For some reason we’d never walked up to Penrith Beacon (937 feet) until last Sunday, when our little ramble – a short distance after our recent expedition to Cross Fell – was accompanied by the sound of church bells.
This was the place where beacon fires were lit throughout history, to warn of the possibility of invasion. The beacon dates back to at least 1296, and there was a watching house there for centuries. The present monument dates back to 1719.
The views over Penrith towards the Lakeland fells are very impressive. You can imagine how good beacon fires were as warnings on clear days. The views the other way, towards the Pennines are blocked by tree growth.
A steep path leads up to the beacon from Penrith, but we got the feeling that our presence was just tolerated. Much of the path through the woodland is hemmed in by barbed wire fencing.
Surely it would do no harm whatsoever if the Lowther family let the people of Penrith roam freely through these woods?
Even worse, there are attempts to get the draft Penrith Local Plan altered so that houses might be built across this precious woodland. I’m pleased to see there is considerable resistance to this outrage and desecration of an historical site by the residents of Penrith.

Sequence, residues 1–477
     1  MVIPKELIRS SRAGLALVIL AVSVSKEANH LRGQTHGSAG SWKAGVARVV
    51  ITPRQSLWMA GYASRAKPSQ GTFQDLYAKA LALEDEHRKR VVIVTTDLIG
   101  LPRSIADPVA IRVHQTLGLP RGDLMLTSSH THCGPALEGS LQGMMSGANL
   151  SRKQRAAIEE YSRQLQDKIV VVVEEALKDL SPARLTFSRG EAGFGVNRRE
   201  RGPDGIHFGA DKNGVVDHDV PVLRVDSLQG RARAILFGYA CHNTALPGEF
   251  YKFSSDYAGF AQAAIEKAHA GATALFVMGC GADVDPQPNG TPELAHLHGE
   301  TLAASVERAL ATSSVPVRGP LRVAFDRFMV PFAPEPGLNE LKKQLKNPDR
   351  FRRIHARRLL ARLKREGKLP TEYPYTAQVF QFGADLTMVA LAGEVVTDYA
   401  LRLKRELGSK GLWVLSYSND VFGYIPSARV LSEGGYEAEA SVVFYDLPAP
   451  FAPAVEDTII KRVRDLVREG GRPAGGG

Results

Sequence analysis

They should light the beacon – the heritage of Penrith is under attack!
I hope to bring you more on this…
My new novel, Dark Shadow, set in Victorian York, is published on Thursday in paperback and on Kindle. But order online before the end of Publication Day and you can get it cheaper. Just click on the link below to find out more… https://www.amazon.co.uk/Dark-Shadow-William-Victorian-Thriller/dp/1722416890/ref=sr_1_2?s=books&ie=UTF8&qid=1532426261&sr=1-2&keywords=Dark+Shadow
John Lardiner runs down a street in the ancient city of York and vanishes off the face of the earth. In a dangerous race against time, Victorian adventurer William Quest is summoned to York to solve the mystery – what has happened to John Lardiner? Forced into an uneasy alliance with the city police, William Quest finds his own life in peril. Men who pry into the disappearance of John Lardiner end up dead. In York’s jumble of alleys and narrow medieval streets, William Quest finds himself pursued by a sinister organisation. Can he solve the mystery of John Lardiner’s vanishing before his enemies bring his adventurous career to an end? By the author of The Shadow of William Quest and Deadly Quest.